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Thread: LGI-40 russian xenon ion laser

  1. #11
    mixedgas's Avatar
    mixedgas is online now Creaky Old Award Winning Bastard Technologist
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    I need to look at the glass structure later today, but you may go in thru the fill system and just need to heat the tube to almost 100c to get any water vapor that has leaked in. I see some nitrogen and water in the plasma, but not much. Probably an ultra slow leak
    At the window seals.

    If you can go into the resivoir, the pumping time is long , it will need many flushes of gas, but odds are you will not need new electrodes.

    Steve

  2. #12

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    Today I've made the power unit fully operational. After that I learnt from scientific articles that in most lab-manufactured Xe lasers the electrodes are made of indium. I was wondering what was the metallic filling in the side arms of the electrodes in my laser tube, it looked like it had been poured inside when molten. After reading some articles I am pretty sure that this is indium, as it has quite low melting temperature. It is said that indium acts like getter and absorbs gases including xenon. It is responsible for rapid depletion of it.

    After all I fired the laser tube from its power supply for a minute or two. It flashes with white-green colour at low voltage an white-blue-violet at high voltage. The discharge emits a lot of UV that makes air smell with ozone. The discahrge colour very much looks like a mercury arc lamp.

    No lasing was observed in the operational range of voltages and PRR. I did not check the mirror alignment, thinking that it is not so critical because this is a pulsed gas laser.
    ylDkmC5FBV0.jpgNQv4Sflzqh0.jpgr0Keq8Hg3iM.jpgDZlf1pUgc2c.jpg

  3. #13
    mixedgas's Avatar
    mixedgas is online now Creaky Old Award Winning Bastard Technologist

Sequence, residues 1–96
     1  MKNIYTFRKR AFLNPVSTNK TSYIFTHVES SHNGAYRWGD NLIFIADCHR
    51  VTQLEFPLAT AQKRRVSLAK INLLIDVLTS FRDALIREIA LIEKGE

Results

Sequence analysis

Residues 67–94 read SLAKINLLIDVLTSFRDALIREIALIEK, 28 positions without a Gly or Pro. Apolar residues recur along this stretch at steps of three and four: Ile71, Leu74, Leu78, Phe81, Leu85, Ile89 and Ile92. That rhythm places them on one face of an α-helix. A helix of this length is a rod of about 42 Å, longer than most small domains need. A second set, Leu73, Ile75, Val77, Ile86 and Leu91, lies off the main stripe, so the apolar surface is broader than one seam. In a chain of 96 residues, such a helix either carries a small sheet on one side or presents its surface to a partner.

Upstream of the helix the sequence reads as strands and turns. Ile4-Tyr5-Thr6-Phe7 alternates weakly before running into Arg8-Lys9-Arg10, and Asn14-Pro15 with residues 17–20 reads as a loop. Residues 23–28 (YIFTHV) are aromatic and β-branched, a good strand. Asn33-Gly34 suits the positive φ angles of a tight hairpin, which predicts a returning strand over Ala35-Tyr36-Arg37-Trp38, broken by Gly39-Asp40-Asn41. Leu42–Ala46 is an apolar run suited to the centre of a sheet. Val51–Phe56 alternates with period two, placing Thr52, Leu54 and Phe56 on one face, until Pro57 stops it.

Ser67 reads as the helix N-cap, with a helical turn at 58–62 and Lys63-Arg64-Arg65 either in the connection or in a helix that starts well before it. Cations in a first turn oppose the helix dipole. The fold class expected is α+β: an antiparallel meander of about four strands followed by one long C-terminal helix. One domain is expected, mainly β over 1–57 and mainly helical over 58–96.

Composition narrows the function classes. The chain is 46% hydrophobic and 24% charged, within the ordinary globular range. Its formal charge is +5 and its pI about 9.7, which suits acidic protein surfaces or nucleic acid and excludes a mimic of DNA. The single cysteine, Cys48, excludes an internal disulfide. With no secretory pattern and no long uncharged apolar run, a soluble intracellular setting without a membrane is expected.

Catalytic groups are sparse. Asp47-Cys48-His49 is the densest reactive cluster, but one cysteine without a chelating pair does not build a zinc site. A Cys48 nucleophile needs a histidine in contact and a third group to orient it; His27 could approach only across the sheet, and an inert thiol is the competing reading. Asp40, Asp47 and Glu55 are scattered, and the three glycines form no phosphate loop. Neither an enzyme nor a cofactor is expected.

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    Well that is a Xenon spectrum...
    Looks like you bettered the n2, o2 and water vapor.

    Steve

  4. #14

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    I expected the discharge colour to be more neutral white though. It looks like a low-pressure mercury arc lamp...

  5. #15

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    I've checked the mirrors and they were out of alignment. So, after alignment this device eventually lased GREEN.

    Unfortunately, because of my idiotism and laziness the laser died soon. The tube cracked after 2 minutes because I didn't attach water cooling, hoping that fused quartz tube will withstand thermal stresses as it is described in literature. And it really does, because I welded a quartz spiral condenser with a hydrogen glassblowing torch without uniform heating of the whole workpiece and proper annealing as it is required while working with conventional glass. This condenser is still working fine. This is an incredible loss for my laser collection because the tube is beyond repair now and I will never get the same one. Making a custom tube is probably very unprofitable for some tens mW of green light. I even don't know wether it lased on many lines or on a single one, but the mirrors look like broadband. the beam looked very much like 532 nm, so possibly it was a 535 nm line.

    B0NE-kyiIc8.jpgIlb2xwBNdi4.jpgN_vobI2n0d8.jpg-hRCvhjw9Rs.jpg

  6. #16
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    Dale@hhr-lasers.com. He can make a new tube.

  7. #17

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    Everything turned out to be not so fatal. The damage location allows to repair this tube without a total rebuild. I will have to cut off the part of the wide flask with the Brewster window at one end and then seal the hole on the joint of the central tube and the internal water jacket. After all The flask with the Brewster window has to be welded back and the tube integrity will be restored. Vacuuming it and refilling with xenon is another, long and complicated issue. Possibly my fellow glassblower will be able to fix it.
    Last edited by Laserbuilder; 11-20-2017 at 12:52.

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